I love a crunch so much that I add a handful of crunchy somethings to almost any bowl of a creamy food. Peanuts are fantastic sprinkled in grits. And in beans too.

So I’ve figured my body has a specific daily requirement for the sensation of crunching, along with the salt, which does not necessarily correlate with its requirement for calories.

I’ve also read some interesting possible facts about how our bodies track nutrients– that one of the problems with manufactured flavor is that our bodies have come to expect specific nutrients to arrive with specific tastes, and when the nutrients don’t come, we stay hungry for more of the food in an attempt to get those expected nutrients. In this way, I’ve explained a chocolate craving as my body wanting more magnesium, not to be sated with artificial chocolate, and who would dare question the body’s wisdom over exactly how many bars– divided, of course, into tiny episodes of teeth meeting the smooth edge of a story by Italo Calvino– are necessary to remedy the deficiency?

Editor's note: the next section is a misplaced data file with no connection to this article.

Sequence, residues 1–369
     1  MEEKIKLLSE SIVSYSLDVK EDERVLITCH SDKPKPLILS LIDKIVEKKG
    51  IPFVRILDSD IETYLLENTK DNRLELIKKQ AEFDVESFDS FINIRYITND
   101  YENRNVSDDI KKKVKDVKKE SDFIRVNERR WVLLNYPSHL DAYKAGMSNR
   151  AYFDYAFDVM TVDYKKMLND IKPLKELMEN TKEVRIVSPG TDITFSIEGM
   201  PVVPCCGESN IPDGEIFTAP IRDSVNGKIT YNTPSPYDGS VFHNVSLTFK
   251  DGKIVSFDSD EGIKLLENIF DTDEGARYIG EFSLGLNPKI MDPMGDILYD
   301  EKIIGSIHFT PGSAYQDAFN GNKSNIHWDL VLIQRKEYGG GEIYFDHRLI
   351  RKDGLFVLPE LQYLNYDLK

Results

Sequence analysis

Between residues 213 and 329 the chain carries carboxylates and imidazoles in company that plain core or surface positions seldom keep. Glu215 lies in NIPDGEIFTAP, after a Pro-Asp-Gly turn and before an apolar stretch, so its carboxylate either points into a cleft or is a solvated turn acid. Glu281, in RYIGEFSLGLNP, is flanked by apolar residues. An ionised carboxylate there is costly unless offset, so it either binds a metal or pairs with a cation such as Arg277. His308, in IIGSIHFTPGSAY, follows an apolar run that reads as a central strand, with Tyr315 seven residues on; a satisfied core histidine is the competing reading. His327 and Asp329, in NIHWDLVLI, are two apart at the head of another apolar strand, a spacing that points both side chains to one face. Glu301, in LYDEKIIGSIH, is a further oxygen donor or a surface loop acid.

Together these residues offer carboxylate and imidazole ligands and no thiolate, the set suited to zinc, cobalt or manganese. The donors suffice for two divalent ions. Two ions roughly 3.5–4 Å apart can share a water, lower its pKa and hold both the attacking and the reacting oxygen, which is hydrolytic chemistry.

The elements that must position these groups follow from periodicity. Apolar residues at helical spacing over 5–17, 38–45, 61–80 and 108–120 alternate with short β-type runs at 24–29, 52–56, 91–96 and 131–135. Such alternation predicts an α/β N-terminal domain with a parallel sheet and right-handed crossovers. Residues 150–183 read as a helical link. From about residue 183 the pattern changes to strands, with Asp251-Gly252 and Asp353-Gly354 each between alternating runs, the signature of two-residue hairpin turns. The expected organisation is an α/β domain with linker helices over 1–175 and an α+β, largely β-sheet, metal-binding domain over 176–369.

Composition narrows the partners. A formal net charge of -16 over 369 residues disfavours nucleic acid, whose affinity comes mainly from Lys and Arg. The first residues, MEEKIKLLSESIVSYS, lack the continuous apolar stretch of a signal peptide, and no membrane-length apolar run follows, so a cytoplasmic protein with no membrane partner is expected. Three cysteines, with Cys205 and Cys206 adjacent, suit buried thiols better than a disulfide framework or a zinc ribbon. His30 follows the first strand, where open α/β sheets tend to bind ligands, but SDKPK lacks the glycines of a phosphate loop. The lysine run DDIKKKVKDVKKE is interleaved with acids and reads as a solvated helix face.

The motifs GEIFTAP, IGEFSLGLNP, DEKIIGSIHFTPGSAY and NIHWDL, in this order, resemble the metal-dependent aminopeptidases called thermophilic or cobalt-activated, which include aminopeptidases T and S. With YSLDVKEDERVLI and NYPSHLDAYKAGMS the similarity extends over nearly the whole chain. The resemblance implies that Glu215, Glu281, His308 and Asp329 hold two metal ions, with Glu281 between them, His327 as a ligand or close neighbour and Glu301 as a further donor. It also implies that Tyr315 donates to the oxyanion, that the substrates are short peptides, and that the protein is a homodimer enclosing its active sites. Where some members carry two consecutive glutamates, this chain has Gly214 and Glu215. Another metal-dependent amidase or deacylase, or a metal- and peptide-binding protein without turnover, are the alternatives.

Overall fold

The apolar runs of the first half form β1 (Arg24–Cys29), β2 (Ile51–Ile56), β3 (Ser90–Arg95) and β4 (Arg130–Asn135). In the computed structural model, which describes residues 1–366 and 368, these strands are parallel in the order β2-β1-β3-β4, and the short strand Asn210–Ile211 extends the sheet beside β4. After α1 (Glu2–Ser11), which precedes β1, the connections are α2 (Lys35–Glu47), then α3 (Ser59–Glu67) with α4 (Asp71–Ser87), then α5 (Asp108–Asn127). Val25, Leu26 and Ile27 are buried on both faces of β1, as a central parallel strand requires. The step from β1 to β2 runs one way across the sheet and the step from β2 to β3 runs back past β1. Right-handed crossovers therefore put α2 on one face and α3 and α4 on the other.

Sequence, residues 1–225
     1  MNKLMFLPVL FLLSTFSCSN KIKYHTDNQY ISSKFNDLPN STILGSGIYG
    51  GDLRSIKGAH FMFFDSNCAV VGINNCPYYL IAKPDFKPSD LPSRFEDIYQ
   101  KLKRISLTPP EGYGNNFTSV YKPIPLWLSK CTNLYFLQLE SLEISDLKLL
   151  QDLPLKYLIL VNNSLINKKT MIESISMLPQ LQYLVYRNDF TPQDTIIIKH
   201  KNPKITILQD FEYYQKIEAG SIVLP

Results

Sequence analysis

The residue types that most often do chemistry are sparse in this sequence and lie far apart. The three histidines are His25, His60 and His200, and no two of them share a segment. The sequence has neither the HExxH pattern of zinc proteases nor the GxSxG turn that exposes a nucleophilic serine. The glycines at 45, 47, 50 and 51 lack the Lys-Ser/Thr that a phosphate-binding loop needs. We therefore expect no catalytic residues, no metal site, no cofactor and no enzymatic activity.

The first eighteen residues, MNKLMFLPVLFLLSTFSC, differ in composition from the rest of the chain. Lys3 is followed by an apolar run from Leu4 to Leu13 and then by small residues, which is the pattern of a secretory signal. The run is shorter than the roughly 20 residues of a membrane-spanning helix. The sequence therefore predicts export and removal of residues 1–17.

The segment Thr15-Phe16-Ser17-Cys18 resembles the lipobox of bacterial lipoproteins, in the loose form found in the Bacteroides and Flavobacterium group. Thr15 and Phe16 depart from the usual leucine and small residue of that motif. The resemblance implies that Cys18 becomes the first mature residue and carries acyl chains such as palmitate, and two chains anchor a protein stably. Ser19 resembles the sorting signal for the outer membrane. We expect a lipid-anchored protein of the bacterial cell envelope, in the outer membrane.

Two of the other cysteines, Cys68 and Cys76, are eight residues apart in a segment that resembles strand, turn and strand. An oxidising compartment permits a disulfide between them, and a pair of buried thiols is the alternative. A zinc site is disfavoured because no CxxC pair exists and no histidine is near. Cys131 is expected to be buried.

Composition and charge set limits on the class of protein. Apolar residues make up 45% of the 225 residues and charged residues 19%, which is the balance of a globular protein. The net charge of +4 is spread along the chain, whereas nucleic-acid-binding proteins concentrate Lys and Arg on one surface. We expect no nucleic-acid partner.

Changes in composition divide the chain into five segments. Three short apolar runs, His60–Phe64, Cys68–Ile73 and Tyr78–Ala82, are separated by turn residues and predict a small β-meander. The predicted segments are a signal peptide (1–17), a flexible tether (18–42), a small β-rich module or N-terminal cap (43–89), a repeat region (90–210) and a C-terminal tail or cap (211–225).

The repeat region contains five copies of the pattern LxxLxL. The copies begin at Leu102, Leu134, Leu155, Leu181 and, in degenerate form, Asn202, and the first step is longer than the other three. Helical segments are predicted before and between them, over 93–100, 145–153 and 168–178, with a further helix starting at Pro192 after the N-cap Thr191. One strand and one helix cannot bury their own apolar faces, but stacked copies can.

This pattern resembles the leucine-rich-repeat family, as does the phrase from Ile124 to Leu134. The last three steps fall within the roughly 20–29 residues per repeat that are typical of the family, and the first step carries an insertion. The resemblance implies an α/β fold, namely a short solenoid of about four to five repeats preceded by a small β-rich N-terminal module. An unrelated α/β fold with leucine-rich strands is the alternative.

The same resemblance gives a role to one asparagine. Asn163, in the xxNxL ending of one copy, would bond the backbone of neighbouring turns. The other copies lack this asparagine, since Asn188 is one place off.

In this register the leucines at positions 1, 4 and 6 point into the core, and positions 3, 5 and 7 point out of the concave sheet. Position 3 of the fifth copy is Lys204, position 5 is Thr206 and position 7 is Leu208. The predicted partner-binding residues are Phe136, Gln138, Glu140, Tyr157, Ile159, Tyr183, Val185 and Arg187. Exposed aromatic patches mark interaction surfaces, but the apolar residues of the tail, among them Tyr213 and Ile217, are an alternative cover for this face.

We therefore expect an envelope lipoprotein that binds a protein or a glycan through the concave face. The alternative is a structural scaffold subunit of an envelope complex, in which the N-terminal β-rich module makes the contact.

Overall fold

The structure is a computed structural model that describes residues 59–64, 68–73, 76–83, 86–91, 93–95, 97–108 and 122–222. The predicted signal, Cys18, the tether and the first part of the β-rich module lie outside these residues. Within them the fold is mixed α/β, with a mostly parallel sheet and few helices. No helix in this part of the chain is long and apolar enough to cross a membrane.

This has all seemed benign, although over recent years it does seem to keep pushing my clothing size up, very slowly. Part of the pleasure of life, a natural thing, not a diversion from sorrow.

And that might be true. It might be true for me, as my friend’s story about food is true for her– or it might be a piece of the story, a story among stories. Franzen, in his essay, talked about story-making as a necessity when faced with the incomprehensible experience of bare sensory encounter. In the zen sitting group I sporadically attend, the bare experience can be impeded by stories, as much of a distraction from reality and being awake as a snack cake could be from a deeper life problem. In bare experience, not only the snack cake but the deeper life problem, the crunch, even the magnesium and salt are superficial, transitory, interdependent, not to be clung to. Even this realization can become another story about eating snack cakes, if you want it to. See how tricky snack cakes can be!

Can we really say a story is less awake than any other way of living? Do we have to see these aspects as polarities, as delusions vs the real? Is it possible to have both in the same bite– the bare bite, where illusions about where my mouth begins and the snack cake ends vanish, simultaneously with a story or multiple stories about the bite, like a chord with many notes? Try it and see for yourself. It may take many snack cakes. I’m still experimenting.